If feelings of grief, loss, depression or sadness are seriously affecting your life, if you find yourself experiencing any symptoms of depression, or if you have questions about how you’re feeling and whether or not you’re actually dealing with depression, you should seek professional help.
Only qualified mental health professionals (such as psychiatrists, psychologists, and psychotherapists) can determine if you or someone you know is suffering from clinical depression, and professional counseling or psychotherapy is often the best place to start looking for the help you need.
While many people view psychotherapy – commonly known as counseling or talk therapy – as just one form of treatment for depression, psychotherapy actually consists of a variety of treatment techniques.
For example, psychodynamic therapy can help you understand the underlying causes of your emotions and be extremely helpful in treating depression that is the result of unconscious, unresolved conflicts stemming from early childhood experiences.
On the other hand, cognitive behavioral therapy can help you identify and change unhelpful or inaccurate perceptions you may have of your self and the world around you that are enabling your depression, as well as help you establish new ways of thinking about and perceiving your self and others.
And, then there’s dialectical behavioral therapy, which can help you overcome depression by learning to better regulate your emotions, increase your sense of self, reduce feelings of crisis, and focus on meaningful activities and relationships in your life in order to regain control and experience joy.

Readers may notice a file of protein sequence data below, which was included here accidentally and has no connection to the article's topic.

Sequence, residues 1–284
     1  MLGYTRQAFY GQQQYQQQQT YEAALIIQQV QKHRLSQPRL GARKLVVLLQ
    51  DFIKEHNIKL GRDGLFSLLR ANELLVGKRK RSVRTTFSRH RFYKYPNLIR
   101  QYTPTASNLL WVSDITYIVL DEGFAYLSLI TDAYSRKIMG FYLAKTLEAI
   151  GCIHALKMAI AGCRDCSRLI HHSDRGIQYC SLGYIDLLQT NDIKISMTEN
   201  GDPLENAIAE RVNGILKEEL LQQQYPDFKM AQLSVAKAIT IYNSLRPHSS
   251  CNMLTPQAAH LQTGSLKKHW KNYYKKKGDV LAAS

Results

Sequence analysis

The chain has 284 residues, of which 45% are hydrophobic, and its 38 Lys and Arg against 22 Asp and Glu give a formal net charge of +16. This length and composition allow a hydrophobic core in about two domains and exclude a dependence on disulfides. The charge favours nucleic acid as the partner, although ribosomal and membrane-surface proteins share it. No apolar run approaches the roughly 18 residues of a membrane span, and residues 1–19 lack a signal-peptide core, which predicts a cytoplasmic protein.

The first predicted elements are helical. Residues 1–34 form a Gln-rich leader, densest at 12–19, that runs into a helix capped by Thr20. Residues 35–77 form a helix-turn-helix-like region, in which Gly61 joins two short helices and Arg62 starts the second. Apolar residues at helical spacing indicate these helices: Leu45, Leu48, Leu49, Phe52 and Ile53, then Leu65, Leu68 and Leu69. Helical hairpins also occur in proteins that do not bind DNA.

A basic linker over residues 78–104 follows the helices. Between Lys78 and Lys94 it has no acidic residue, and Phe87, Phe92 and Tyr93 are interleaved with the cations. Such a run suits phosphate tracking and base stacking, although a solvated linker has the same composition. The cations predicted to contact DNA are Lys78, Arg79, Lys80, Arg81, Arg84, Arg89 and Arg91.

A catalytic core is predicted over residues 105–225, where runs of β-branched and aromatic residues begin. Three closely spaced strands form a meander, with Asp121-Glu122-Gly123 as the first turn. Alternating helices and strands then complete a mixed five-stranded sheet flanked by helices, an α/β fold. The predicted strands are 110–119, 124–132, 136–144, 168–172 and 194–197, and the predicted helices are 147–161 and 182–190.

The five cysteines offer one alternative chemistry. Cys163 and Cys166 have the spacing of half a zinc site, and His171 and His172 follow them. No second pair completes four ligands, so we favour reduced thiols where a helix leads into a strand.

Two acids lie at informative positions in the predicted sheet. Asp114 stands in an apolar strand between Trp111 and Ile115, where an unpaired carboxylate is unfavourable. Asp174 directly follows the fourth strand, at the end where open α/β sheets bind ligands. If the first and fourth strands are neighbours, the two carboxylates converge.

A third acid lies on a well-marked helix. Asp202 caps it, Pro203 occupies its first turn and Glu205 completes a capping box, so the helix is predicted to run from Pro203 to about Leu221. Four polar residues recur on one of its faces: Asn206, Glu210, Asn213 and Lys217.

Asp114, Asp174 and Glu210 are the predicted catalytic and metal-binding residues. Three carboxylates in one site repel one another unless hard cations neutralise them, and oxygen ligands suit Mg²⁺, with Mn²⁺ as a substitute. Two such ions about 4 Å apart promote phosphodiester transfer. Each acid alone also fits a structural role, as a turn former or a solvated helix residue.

These are just a few examples of how different forms of depression counseling and therapy can help … And there’s no one-size-fits-all treatment approach that works equally well for everyone.
We will work together to determine which of the various theoretical orientations and techniques will best meet your specific needs and goals.
Regardless of the specific techniques we use in our work together, I can help you:
- Understand the thoughts, emotions, and behaviors that trigger and contribute to your depression;
- Identify the problems or circumstances in your life that led or contribute to your depression – such as a job loss, the death of a loved one, or a traumatic incident – and help you recognize what you can and can’t do to resolve these issues;
- Learn coping techniques and problem-solving skills; and
- Regain a sense of control and restore joy to your life.
What If You’re Coping with Grief or Loss?